Judge Oversteps Authority?
Dirty politics and old loyalties at play here? Guess who appointed Ann Donnelly, the judge who just blocked part of Trump’s refugee halt? You guessed it. Obama.
US District Judge Ann Donnelly in New York issued the emergency order after, lawyers for the American Civil Liberties Union filed a court petition on behalf of people from seven predominantly Muslim nations, who were detained at airports across the country as the ban took effect.
Judge Oversteps Authority?
The federal judge in Brooklyn, New York issued an emergency stay on Saturday that temporarily blocks the U.S. government from sending people out of the country after they have landed at a U.S. airport with valid visas.
The order barred U.S. border agents from removing anyone who arrived in the U.S. with a svalid visa from Iraq, Syria, Iran, Sudan, Libya, Somalia and Yemen. It also covered anyone with an approved refugee application. The Department of Homeland Security said that more than 170 people were denied entry to the U.S. as of Saturday night, according to Reuters.
The ruling by Judge Ann Donnelly of the U.S. District Court for the Eastern District of New York came during a hearing called after President Donald Trump issued an executive order blocking people from seven Muslim-majority from entering the United States and putting a temporary halt to refugee admissions.
Twelve refugees were detained at JFK Airport within hours of Trump’s order restricting immigration from seven majority-Muslim nations — but two were released later in the day — as hundreds of protesters continued to amass at the busy airport throughout the day and into the evening.
Federal Judge Oversteps Authority?
I Still don’t understand how a federal judge can overturn all or part of a President executive Order.
The judge is wrong in this case. She does not have jurisdiction nor authority to block a Presidential order that deals with immigration and possible, national security issues. Her order will be overturned in the next 48 hours I am sure. Another activist judge overstepping herself. Also, these groups with ties to Muslim brotherhood and Soros need to be reeled in ASAP.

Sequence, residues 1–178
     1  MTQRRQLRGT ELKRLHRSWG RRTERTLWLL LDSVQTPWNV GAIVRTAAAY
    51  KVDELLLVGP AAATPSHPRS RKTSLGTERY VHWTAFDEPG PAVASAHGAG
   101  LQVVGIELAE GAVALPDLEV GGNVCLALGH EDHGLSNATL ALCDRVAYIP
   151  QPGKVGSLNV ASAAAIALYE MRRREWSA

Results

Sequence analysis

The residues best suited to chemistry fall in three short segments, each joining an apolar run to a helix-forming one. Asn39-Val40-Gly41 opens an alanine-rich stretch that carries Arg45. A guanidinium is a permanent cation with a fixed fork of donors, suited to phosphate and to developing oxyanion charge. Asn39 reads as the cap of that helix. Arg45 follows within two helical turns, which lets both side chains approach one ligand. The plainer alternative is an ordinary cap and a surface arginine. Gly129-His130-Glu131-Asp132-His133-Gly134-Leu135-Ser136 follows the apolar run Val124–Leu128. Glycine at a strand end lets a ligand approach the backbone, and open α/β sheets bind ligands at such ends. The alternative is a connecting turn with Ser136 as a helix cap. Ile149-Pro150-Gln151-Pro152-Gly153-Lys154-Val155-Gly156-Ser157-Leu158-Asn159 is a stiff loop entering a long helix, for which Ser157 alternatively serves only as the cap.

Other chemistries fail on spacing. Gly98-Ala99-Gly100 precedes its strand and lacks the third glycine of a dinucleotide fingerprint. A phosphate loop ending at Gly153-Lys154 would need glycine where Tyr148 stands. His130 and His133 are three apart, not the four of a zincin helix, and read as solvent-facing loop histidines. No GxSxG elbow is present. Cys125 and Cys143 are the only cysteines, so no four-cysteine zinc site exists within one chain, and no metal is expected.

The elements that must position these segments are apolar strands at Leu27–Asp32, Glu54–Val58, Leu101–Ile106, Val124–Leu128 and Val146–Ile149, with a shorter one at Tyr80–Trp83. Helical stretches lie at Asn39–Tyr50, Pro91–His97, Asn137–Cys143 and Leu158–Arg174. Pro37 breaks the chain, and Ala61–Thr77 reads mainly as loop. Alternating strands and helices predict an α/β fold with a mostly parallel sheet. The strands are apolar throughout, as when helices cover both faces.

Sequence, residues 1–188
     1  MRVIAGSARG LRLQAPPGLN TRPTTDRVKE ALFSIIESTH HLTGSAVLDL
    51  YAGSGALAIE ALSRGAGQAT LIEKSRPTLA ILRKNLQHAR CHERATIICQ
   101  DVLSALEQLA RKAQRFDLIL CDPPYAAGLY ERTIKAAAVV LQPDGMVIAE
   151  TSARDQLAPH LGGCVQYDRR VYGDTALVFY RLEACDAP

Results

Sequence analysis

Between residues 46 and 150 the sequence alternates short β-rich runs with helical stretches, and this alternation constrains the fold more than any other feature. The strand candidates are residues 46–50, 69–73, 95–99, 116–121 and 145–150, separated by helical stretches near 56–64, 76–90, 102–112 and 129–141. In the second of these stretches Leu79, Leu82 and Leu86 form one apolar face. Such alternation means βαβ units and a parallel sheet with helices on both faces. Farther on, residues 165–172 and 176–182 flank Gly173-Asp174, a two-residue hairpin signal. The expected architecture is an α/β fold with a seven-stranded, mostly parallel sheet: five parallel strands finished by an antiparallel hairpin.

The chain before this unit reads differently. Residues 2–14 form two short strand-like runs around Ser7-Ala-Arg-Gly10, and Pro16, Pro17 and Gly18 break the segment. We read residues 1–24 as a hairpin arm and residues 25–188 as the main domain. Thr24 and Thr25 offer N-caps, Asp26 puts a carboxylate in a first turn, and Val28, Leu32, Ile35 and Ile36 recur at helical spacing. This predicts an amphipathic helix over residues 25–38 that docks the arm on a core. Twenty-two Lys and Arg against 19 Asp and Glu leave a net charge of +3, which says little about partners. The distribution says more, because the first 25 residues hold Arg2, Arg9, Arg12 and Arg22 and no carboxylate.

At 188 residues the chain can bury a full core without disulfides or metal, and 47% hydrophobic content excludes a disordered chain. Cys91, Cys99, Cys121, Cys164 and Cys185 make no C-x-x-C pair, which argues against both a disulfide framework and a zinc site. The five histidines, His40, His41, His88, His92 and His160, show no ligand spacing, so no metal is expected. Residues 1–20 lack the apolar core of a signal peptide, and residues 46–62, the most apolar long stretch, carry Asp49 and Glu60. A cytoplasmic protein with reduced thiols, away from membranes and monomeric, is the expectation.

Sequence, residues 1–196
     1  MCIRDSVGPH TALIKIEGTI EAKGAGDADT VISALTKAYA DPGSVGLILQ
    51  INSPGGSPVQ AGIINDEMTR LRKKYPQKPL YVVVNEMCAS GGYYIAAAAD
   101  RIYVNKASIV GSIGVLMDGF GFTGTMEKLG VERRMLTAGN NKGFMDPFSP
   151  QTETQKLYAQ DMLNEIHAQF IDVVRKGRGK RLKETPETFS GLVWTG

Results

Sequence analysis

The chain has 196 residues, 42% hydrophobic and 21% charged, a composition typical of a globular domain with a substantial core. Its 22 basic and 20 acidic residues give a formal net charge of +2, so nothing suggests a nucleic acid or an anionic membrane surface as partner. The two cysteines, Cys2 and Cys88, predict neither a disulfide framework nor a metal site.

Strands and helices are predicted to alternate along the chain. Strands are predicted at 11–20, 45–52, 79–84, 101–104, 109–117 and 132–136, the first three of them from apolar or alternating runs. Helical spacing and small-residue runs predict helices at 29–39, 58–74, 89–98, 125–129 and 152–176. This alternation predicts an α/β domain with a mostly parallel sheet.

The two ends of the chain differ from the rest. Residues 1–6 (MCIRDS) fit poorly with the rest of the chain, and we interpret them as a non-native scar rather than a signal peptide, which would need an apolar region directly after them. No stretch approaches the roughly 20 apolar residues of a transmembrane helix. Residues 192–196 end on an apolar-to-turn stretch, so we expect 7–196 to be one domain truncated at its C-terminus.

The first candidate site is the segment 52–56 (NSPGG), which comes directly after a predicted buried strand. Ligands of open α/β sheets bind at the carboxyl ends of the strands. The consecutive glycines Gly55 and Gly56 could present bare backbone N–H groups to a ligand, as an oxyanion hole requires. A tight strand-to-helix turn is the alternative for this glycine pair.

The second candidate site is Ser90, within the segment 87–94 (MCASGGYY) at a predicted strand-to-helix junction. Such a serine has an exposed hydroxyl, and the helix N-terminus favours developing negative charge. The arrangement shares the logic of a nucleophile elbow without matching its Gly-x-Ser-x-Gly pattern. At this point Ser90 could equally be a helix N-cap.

The judge’s order affected only a portion of Trump’s executive action. As the decision was announced, cheers broke out in crowds of demonstrators who had gathered at American airports and outside the Brooklyn courthouse where the ruling was issued.
The order barred US border agents from removing anyone who arrived in the US with a valid visa from Iraq, Syria, Iran, Sudan, Libya, Somalia, and Yemen. It also covered anyone with an approved refugee application.
It was unclear how quickly the judge’s order might affect people in detention, or whether it would allow others to resume flying.
Under Trump’s order, it had appeared that an untold number of foreign-born US residents now traveling outside the US could be stuck overseas for at least 90 days even though they held permanent residency “green cards” or other visas. However, an official with the Department of Homeland Security said Saturday night that no green-card holders from the seven countries cited in Trump’s order had been prevented from entering the US.
Some foreign nationals who were allowed to board flights before the order was signed Friday had been detained at US airports, told they were no longer welcome. The DHS official who briefed reporters by phone said 109 people who were in transit on airplanes had been denied entry and 173 had not been allowed to get on their planes overseas.
In her three-page order, Donnelly wrote that without the stay “there will be substantial and irreparable injury to refugees, visa-holders and other individuals from nations subject to the Jan. 27, 2017, executive order.”
The exact number of those affected is unclear, but the judge ordered the government to provide lists of all those detained at US airports since the measure went into effect.
Trump billed his sweeping executive order as a necessary step to stop “radical Islamic terrorists” from coming to the U.S. It included a 90-day ban on travel to the US by citizens of Iraq, Syria, Iran, Sudan, Libya, Somalia or Yemen and a 120-day suspension of the US refugee program.
Trump’s order singled out Syrians for the most aggressive ban, indefinitely blocking entry for anyone from that country, including those fleeing civil war.
As a candidate, Trump pledged to temporarily ban Muslims from coming to the US, then said he would implement “extreme vetting” for people from countries with significant terror concerns. He told reporters Saturday the order is “not a Muslim ban.”
“It’s working out very nicely,” Trump said of the implementation of his order. “We’re going to have a very, very strict ban and we’re going to have extreme vetting, which we should have had in this country for many years.”
The order sparked protests at several of the nation’s international airports, including New York’s Kennedy and Chicago’s O’Hare and facilities in Minneapolis and Dallas-Forth Worth. In San Francisco, hundreds blocked the street outside the arrival area of the international terminal. Several dozens demonstrated at the airport in Portland, Oregon, briefly disrupting light rail service while hoisting signs that read “Portland Coffee Is From Yemen” and chanting anti-Trump slogans.
Two of the first people blocked from entering the United States were Iraqis with links to the US military. Hameed Khalid Darweesh and Haider Sameer Abdulkhaleq Alshawi were detained by immigration officials after landing at New York’s Kennedy airport Friday night. Both had been released by Saturday night after their lawyers intervened.